It is insightful read into the greatest monument of those times
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LibraryThing member hailelib
This book is a picture of English society during the reign of King James I of England (and VI of Scotland). While there is a great deal about the state of the Church of England, the various Protestant groups (especially the many varieties of Puritans), and the persecutions of any dissenters from
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majority opinion, mainly Nicholson tries to give us a snapshot of Jacobean society and how it informed the translation that eventually became the most accepted version of the Bible in England and North America. For anyone interested in Jacobean history or the history of the Bible as we have it today this is an interesting book. The author does include what is known about the translators and their methods and a bibliography for further reading.
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LibraryThing member Oreillynsf
I thoroughly enjoyed this entertaining and detailed chronicle of the making of the KJV. beginning with a profile of the times, e book explains both the motivations, process, and people behind this remarkable book. Like any good narrative history, the book is ultimately about the people that made
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the work, but it spends a great deal of time discussing why the times and the political and religious climate were ideal for the making of this work. The stage setting added tremendously to the quality and readability of this book. Nicolson is clearly very passionate about his topic, and it shows in the great writing, organization, and description he provides.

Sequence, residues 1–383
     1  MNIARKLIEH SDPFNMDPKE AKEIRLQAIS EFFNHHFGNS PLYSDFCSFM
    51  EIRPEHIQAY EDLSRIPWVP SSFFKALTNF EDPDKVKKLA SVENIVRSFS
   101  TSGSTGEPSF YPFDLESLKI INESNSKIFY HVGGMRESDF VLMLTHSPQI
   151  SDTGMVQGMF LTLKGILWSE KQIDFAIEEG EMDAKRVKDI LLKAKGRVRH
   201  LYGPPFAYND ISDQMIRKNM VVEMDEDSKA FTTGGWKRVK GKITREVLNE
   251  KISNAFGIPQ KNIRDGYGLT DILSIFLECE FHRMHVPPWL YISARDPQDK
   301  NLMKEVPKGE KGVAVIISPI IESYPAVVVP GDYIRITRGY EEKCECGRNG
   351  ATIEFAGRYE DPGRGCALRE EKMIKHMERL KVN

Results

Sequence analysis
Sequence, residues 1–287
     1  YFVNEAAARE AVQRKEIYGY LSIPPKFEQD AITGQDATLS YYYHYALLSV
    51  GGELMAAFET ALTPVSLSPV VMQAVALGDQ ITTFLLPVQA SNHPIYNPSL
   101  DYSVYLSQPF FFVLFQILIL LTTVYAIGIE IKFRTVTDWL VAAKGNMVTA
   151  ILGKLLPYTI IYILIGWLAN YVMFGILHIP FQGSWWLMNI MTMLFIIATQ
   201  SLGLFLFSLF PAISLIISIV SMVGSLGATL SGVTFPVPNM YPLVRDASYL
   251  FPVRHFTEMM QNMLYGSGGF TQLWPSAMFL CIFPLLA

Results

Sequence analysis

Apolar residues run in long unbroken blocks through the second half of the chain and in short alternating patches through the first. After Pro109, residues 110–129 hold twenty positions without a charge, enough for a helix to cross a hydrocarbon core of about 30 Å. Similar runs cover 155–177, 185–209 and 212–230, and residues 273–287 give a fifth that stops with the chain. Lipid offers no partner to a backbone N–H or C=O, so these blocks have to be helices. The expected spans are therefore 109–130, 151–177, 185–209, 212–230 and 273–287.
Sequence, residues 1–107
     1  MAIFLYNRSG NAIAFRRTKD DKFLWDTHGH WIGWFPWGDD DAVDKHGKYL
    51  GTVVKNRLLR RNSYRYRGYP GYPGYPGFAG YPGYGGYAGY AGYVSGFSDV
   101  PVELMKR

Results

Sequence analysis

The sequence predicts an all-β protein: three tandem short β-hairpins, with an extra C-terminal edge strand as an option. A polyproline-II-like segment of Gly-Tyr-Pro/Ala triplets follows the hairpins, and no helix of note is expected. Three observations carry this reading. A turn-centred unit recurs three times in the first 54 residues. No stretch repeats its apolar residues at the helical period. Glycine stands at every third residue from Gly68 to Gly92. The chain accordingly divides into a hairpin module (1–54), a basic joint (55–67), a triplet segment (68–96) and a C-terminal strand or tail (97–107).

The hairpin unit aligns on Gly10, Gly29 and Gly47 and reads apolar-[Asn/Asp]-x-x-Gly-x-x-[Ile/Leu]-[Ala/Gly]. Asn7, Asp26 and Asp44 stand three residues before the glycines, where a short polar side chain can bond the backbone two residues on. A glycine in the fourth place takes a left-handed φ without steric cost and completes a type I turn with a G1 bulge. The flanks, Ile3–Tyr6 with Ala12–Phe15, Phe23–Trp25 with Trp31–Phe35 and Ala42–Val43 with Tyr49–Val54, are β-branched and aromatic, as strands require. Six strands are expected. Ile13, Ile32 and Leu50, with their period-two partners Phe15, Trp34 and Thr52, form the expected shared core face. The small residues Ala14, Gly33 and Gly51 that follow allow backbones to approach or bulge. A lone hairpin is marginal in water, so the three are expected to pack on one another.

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LibraryThing member TheLibraryhag
I found this a very accessible account of the creation of the King James Bible. It is very easy to understand the politics and the other considerations that went into this monumental project.
LibraryThing member RobertP
Another great book from Adam Nicolson. He gives not only a great piece of history, but he takes us into the heart of English Protestantism, and the heart of the Reformation in England. He also taught me quite a bit about my native language, to my benefit. Highly recommended.
LibraryThing member DivineMissW
I really enjoyed reading this book about the creation of the King James Bible. It is a good place to start if you are interested in this topic. As a Christian and as a history buff, I am very interested in the process used and men who were charged with this task. The book is very basic, not a lot
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of detail. Written in an interesting manner with little details that I later researched in depth.
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LibraryThing member Savagemalloy
Great insights in how the book was brought together and the culture of King James